They restart, and Rocky gets the takedown to Seth’s guard, but for some reason decides to stand back up, and Seth comes up and catches him with a right high kick on the side and top of the head. Rocky looks stunned and shoots in again, but Seth sprawls, and Batastini flattens out, allowing Seth to take the back. He tries an armbar, but can’t flip Batastini over to finish it off, and Rocky manages to escape, but ends up going right into a triangle choke. Seth tightens it up, and then flips him over to his back with the triangle still on, right as Rocky passes out, but the ref ignores that and lets Seth pound his face in before he stops it. Who’s the ref, you ask? Steve Mazzagatti of course.
Not a bad fight I guess, I didn’t understand the taking of two points, seemed a bit extreme to me, but I guess that sort of thing just happens. Seth started off a bit slow, but the high kick was nice and the triangle was a really great finish, although the replays look sick as it’s clear Rocky’s completely out cold as Seth flips him onto his back. Nice to see Seth get a win, at any rate.
Severn is ‘only’ 44 years old here. Insane that he’s still competing today, FIVE years after this. Smith is a massive guy out of the Beverly Hills Jiu-Jitsu Club, about 300lbs and nicknamed ‘The Bear’, meaning it’s a rare fight with a size disadvantage for Severn.
Dan circles around him tentatively to open, before Smith clips him with a couple of right hands and then pulls him to the ground with a front facelock. Smith goes into side mount and looks to basically smother Severn, but he ends up giving up half-guard. Severn tries to reverse out, and eventually gives up full mount, and uses it to get out the back door into Smith’s guard. Smith inexplicably tries a triangle, but Severn avoids it easily and gets into side mount. One big elbow lands, and then he locks up an Americana for the tapout.
Severn looked like he might be in trouble here early, with the sheer size of Smith proving to be difficult, but once he got out from underneath the guy it was a total squash for the veteran. Pretty much a nothing fight.
This could be good, two big, heavy-handed sluggers who like to bang. Both guys of course eventually made it to UFC, and strangely enough by the time they did, they were training partners. Not so here, as Kyle was with a different team pre-AKA.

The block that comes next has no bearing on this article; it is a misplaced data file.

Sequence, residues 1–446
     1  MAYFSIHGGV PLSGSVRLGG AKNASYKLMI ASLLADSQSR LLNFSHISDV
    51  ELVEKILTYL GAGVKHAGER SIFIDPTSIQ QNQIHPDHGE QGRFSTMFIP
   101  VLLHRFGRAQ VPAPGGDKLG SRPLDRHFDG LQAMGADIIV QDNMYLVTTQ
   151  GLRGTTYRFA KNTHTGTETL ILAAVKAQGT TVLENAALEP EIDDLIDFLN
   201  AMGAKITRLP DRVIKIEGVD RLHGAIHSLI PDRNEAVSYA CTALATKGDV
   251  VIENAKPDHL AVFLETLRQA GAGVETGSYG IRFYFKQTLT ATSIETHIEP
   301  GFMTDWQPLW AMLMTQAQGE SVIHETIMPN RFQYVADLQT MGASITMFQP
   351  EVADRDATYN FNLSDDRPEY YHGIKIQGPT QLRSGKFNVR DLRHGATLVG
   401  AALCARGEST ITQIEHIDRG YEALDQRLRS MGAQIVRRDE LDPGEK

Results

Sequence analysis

They press to open, both men coming forward tentatively, before Kyle throws a big right into the clinch. They break off quickly, and Buentello throws a heavy right that Kyle avoids using head movement, and they go into a clinch again. Another quick break though, and then Kyle begins to come forward, stalking Buentello, as they exchange some big swings with some landing, but nothing too damaging and neither guy looks hurt. Into another clinch, and then they break off, and Kyle lands some low kicks and a strong right hand. Kyle catches him with a right uppercut into the clinch, before the ref calls time to fix a problem with the cage, looks like one of the pads moved off. They restart, and now Buentello works the left jab, before rocking him with a nasty right cross. Kyle’s knees look like jelly, but he manages to survive a flurry of uppercuts from Buentello, and hold him in the clinch until the round ends.
Kyle comes out strong for the 2nd, opening up with a stiff left jab and some heavy low kicks that Buentello doesn’t block at all. Kyle catches him with a big right into the clinch, and then breaks away and continues to push the action, landing a heavy flurry that looks like it has Buentello on the back foot, but Buentello suddenly stuns Kyle with a big right straight, and a left hook finishes things off as Kyle crashes down to the canvas.
Pretty enjoyable slugfest as I expected. It looked like Kyle was landing more shots, but just didn’t have the power to put Buentello away, and although Buentello landed fewer, the shots he did land did more damage, and the one-two that finished things was a really hard couple of shots, right on the button. Good showing from the future UFC title contender – I still don’t know why they didn’t re-sign Buentello as a gatekeeper in the heavyweight division, actually.
-Eddie and Don discuss the happenings of the night, and then we roll the credits.
That was actually a lot of fun for a B-level show. Not much significance in terms of future stars, as only Kyle, Buentello and Petruzelli ended up going on to the UFC, but the fights were all fun outside of Severn-Smith, and even that was relatively short and inoffensive. Some nice finishes throughout the card (the main event, Petruzelli’s triangle, Bannon’s KO), and the Fanshier-House fight was definitely a diamond in the rough, something really nice to discover on a relatively low-key show like this. As far as King Of The Cage goes, this is one of the better shows I’ve come across. Not bad at all.
Pride: Total Elimination 2005, Critical Countdown 2005, Final Conflict 2005, and 30.
UFC: 65, 66, 67 and 68.
WEC: 10 and 11.
WFA: 1, 2 and 3.
King of the Cage: 21, 23, 29, 30, 32, 33, 36, 42 and 48.
Best of Shooto 2003 vols. 1 & 2.